MODC - Module C - Legal Liability MODULE C Legal Liability...

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Module C - Legal Liability MODULE C Legal Liability LEARNING OBJECTIVES Review Checkpoints Exercises, Problems, and Simulations 1. Identify and describe auditors’ exposure to lawsuits and loss judgments. 1, 2 71 2. Specify the characteristics of auditors’ liability under common law and cite some specific case precedents. 3, 4, 5, 6, 7, 8, 9 54, 55, 56, 57, 58, 59, 60, 61, 62, 64 (partial) 3. Describe auditors’ liability to third parties under statutory law. 10, 11, 12 4. Specify the civil and criminal liability provisions of the Securities Act of 1933. 13, 14, 15, 16, 17 65 (partial), 66, 73 5. Specify the civil and criminal liability provisions of the Securities Exchange Act of 1934. 18, 19, 20, 21, 22 64 (partial), 65 (partial), 67, 68, 69 6. Understand recent developments that affect auditors’ liability to clients and third parties. 23, 24, 25, 26 63, 70, 72 MODC-1
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Module C - Legal Liability SOLUTIONS FOR REVIEW CHECKPOINTS C.1 Auditors owe clients the responsibility to perform services in accordance with the contract (engagement letter) and to conduct the audit in accordance with generally accepted auditing standards. Auditors owe third parties the responsibility of conducting the audit in accordance with generally accepted auditing standards. In each of these situations, auditors can be held liable if their failure to perform in accordance with the contract or generally accepted auditing standards results in an economic loss to clients or third parties. C.2 Common law liability uses legal precedent to identify the responsibility of parties in situations where there is no violation of a written law or statute. Clients and nonshareholder third parties can bring suit against auditors for common law liability. Statutory liability involves the violation of a written law. Third-party shareholders can bring suit against auditors for statutory liability. C.3 Under common law liability, clients can bring suit against auditors for either breach of contract or tort actions. Prior to bringing suit, clients must demonstrate: 1. They suffered an economic loss. 2. Auditors did not perform in accordance with the terms of the contact (for breach of contract). 3. Auditors failed to exercise the appropriate level of professional care (for torts). 4. The loss was the result of the breach of contract or failure to exercise the appropriate level of professional care. C.4 Auditors owe clients the responsibility for conducting the audit using the appropriate level of professional care. If they do not do so, they have tort liability for ordinary negligence, gross negligence, or fraud. C.5 To bring suits against auditors under common law, third parties must demonstrate: 1. They suffered an economic loss. 2.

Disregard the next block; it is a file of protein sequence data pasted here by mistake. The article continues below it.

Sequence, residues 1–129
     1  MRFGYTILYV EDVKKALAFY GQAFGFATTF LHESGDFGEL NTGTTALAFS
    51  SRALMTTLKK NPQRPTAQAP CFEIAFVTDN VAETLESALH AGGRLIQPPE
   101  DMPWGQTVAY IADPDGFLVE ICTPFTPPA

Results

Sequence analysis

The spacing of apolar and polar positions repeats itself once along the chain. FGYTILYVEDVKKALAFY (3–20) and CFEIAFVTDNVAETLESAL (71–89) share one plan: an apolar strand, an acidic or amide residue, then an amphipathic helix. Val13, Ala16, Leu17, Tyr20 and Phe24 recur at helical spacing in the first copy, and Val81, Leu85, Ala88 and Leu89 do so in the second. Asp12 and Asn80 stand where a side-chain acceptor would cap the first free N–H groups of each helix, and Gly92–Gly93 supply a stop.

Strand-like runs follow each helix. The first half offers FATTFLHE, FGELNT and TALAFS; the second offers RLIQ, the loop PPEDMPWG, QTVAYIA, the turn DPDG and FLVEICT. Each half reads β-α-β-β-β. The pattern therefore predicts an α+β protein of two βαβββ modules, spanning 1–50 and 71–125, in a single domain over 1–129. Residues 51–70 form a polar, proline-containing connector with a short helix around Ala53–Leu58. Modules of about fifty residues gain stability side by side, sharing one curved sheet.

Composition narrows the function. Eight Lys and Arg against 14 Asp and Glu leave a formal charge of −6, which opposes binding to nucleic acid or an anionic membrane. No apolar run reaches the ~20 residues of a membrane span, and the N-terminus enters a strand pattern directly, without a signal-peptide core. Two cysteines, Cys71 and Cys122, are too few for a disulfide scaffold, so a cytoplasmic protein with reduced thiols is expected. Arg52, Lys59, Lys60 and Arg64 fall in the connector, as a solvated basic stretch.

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This note was uploaded on 01/21/2010 for the course ACC 492 ACC 492 taught by Professor Benmathews during the Spring '09 term at University of Phoenix.

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MODC - Module C - Legal Liability MODULE C Legal Liability...

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